San Diego: The Pacific Port

So this year has been pretty busy for me. Namely because in addition to the one or two trips I normally do, I’ve also been travelling for work. Last week was my fifth business trip in the last six months. It’s been a crazy half year but I’m fairly certain I’m done with travelling for the rest of the year haha.

It’s not like I’m getting sick of it or anything, but it’ll be nice to just chill at home and play some video games or something for a change.

Anyways, last week I went to San Diego for another conference. I was really looking forward to this trip because California is probably the state I wanted to go to the most. As a result, I decided to take a couple days off of work after the conference and just travel the state a bit more. I’ll write about those couple days in a future post and just focus on San Diego in this one.

The San Diego skyline at night.

I haven’t looked it up but my gut feeling tells me that San Diego is the furthest American city in the contiguous United States from Toronto. It’s literally at the bottom left corner of the country and is really close to the Mexican border.

Actually, I just looked it up and I’m pretty sure I’m right.

Anyways, considering how the city is next to Mexico, I kinda expected the city to be similar to San Antonio. For one, they both have San in their names and they both seemed to be cities that would have a lot of Mexcian influences. I wouldn’t say that I was necessarily wrong, but there was one major difference between the two cities, the Pacific Ocean. San Diego is located right off the Pacific and so the ocean really influenced how the city feels and developed. 

A setting sun and a bunch of ships.

It’s pretty neat because the airport is in the city so when you’re landing it almost feels like you’re flying right by the skyscrapers. Then, all of the sudden the skyscrapers disappear and you’re left with the harbour. It’s cool because that means when you leave the airport, you’re on a road where one side is just a ton of ships and the other side is a bunch of planes.

The geographical location of San Diego really makes it a special city because it’s a warm water port of the largest ocean and it’s incredibly close to an international border. As a result, there is a huge military presence in the city.

The US Navy has a huge base in the harbour and they even have their own airport. So when you look at the city from above, you actually just see two airports essentially side by side, one for civilians and one for the military. This means that during your stay you end up seeing a ton of different vehicles. Everything from sailboats to aircraft carriers and commercial jets to attack helicopters.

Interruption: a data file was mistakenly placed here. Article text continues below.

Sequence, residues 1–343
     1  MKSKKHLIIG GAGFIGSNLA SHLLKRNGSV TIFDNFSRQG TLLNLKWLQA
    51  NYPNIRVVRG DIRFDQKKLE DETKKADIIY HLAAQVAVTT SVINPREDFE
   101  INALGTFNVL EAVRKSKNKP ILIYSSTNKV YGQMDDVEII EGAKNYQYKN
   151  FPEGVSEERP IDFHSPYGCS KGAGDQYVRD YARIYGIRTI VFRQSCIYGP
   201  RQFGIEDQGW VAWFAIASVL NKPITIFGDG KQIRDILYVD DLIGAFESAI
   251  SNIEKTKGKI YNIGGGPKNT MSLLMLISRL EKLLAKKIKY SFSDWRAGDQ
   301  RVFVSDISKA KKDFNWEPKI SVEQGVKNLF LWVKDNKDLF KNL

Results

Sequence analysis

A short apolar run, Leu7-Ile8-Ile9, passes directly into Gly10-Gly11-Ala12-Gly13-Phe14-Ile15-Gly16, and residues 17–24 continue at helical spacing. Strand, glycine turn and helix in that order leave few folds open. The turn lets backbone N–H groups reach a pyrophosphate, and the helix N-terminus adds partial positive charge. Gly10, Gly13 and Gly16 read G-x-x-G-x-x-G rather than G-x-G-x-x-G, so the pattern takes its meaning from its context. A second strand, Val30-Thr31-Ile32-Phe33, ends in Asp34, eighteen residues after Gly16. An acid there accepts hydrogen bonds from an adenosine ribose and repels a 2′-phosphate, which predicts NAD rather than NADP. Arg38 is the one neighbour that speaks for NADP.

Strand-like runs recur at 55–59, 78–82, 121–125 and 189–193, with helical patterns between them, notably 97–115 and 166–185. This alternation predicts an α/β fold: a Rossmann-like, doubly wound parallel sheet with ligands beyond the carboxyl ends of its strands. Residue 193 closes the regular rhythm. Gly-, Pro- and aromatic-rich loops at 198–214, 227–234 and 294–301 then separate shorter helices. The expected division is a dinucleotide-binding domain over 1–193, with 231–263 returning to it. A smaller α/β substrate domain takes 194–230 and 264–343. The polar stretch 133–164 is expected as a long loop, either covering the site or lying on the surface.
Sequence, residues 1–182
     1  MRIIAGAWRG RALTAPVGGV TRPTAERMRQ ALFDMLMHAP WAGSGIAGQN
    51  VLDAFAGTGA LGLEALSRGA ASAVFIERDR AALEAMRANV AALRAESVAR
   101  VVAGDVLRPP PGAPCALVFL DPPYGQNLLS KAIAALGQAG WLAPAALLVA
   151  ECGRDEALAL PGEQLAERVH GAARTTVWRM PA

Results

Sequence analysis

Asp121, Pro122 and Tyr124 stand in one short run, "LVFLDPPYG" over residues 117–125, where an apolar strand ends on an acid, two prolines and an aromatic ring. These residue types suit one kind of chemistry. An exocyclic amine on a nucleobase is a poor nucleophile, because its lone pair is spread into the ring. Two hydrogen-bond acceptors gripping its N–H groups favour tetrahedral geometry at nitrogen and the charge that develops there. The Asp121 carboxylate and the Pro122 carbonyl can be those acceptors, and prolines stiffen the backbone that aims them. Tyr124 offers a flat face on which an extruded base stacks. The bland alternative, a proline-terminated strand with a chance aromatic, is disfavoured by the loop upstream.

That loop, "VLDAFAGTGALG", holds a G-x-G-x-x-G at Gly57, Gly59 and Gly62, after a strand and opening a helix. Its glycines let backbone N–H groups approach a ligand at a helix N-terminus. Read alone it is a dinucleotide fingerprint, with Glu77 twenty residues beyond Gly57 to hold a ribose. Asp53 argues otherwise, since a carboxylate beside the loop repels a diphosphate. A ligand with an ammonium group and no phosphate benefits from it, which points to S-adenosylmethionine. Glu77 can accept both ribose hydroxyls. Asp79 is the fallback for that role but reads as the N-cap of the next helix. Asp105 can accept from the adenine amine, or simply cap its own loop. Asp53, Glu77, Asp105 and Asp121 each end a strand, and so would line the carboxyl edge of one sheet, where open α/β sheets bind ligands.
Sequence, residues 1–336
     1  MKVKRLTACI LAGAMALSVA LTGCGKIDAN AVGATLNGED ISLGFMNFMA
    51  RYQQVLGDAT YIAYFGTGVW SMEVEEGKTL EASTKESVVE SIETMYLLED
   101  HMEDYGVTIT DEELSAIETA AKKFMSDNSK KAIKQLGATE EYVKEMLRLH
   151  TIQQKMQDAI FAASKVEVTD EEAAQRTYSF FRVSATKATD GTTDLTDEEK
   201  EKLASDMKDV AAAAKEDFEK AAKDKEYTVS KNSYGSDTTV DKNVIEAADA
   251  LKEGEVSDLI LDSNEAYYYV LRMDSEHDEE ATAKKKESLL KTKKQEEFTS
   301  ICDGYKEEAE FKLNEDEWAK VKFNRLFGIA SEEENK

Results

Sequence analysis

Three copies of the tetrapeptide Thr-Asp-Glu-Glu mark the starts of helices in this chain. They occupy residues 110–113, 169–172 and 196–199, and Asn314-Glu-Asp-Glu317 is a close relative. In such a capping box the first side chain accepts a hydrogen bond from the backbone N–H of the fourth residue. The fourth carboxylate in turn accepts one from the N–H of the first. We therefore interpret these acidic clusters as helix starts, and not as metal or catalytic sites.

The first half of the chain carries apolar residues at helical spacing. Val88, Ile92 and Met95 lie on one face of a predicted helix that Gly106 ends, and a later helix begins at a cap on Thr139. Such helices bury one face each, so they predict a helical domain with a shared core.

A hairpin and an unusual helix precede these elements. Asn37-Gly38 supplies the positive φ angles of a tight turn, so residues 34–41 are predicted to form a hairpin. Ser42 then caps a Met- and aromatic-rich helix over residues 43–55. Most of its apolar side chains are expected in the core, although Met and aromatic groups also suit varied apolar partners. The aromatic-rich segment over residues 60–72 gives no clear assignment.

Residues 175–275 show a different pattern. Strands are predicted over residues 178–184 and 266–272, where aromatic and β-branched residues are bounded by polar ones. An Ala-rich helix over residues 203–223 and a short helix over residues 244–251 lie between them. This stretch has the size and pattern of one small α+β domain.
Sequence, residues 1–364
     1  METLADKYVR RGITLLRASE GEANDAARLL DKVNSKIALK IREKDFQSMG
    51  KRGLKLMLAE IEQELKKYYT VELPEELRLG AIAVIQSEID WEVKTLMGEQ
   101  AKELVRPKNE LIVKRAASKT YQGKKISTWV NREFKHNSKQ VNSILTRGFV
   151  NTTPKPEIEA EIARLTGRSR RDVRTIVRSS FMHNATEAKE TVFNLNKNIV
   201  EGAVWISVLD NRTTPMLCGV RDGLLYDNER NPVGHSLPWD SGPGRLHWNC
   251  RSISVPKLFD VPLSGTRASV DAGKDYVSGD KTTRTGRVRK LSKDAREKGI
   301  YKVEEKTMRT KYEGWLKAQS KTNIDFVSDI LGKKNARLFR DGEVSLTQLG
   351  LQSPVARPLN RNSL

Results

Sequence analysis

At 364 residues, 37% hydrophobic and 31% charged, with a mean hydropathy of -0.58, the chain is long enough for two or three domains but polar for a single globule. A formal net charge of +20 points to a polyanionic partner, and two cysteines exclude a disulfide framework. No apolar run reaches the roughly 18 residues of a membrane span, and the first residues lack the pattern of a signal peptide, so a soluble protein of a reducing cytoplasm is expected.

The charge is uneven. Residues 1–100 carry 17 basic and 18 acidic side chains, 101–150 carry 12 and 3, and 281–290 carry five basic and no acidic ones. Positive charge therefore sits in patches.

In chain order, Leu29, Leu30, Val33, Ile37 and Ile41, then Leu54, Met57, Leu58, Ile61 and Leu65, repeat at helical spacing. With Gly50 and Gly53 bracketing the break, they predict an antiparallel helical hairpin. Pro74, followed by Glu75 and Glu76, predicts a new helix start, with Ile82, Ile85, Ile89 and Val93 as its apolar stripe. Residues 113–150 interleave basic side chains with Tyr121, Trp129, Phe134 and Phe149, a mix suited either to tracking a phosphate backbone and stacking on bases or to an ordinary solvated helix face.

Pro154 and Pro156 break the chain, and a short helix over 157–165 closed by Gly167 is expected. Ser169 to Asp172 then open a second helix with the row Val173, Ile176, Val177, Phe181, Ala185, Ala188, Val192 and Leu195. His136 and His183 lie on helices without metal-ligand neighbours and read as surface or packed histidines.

It definitely does give the city a bit more of a unique feel to it. The United States has the largest military and Navy in the world and so it’s interesting seeing a portion of it just hang out so close to the city.

Aircraft carriers are huge.

And of course, San Diego has a ton of beaches and parks since it’s so close to the ocean and the weather is fairly temperate all year round. For the most part, the conference I went to took up a lot of my day and so by the time it ended the sun was pretty much setting and so it didn’t really make a lot of sense to go check out some of the more natural places.

However, one night we did go out and go to Balboa Park (which my head canon totally has it where the park is named after Rocky). The pictures online made it look really nice and so I thought it would be a good walk.

But apparently the park is huge and not all of it is scenic. Especially at night.

Some stacks of wood we saw in the dark park.

We ended up walking around the sports complex section of the park in literal darkness and so there wasn’t much to see. Given that it was super dark and chillier than what I expected a Californian city to be like, it wasn’t the most magnificent of park visits, but it was still a fun walk.

I had a proper chance to actually check out some of the scenic aspects of the city a bit more the morning before my flight out. We went to the Cabrillio National Monument which is on a small peninsula in the city. That was a nice short trip since it gave a pretty awesome view of the city from an elevated position.

So not only was it really easy to see the layout of the city (and the military base!) it really made you appreciate the sheer size of the ocean. Being from Toronto, it’s sometimes easy to forget exactly how large the ocean is. Well, it’s huge and every time I see it I always just feel so at peace. I kinda wish I lived near the ocean. That would be nice.

The Cabrillo National Monument with the military airport in the background.

When it comes to food, the Mexican influence definitely plays a huge part here since their Mexican food is pretty top tier. We went to this one restaurant that also called themselves a “tequila museum” since they served a bunch of different types of tequila as well.

Was it the best Mexican food I’ve ever had? No, that’s still reserved for that one meal I had in San Antonio. But still, both the food and drinks were absolutely fantastic.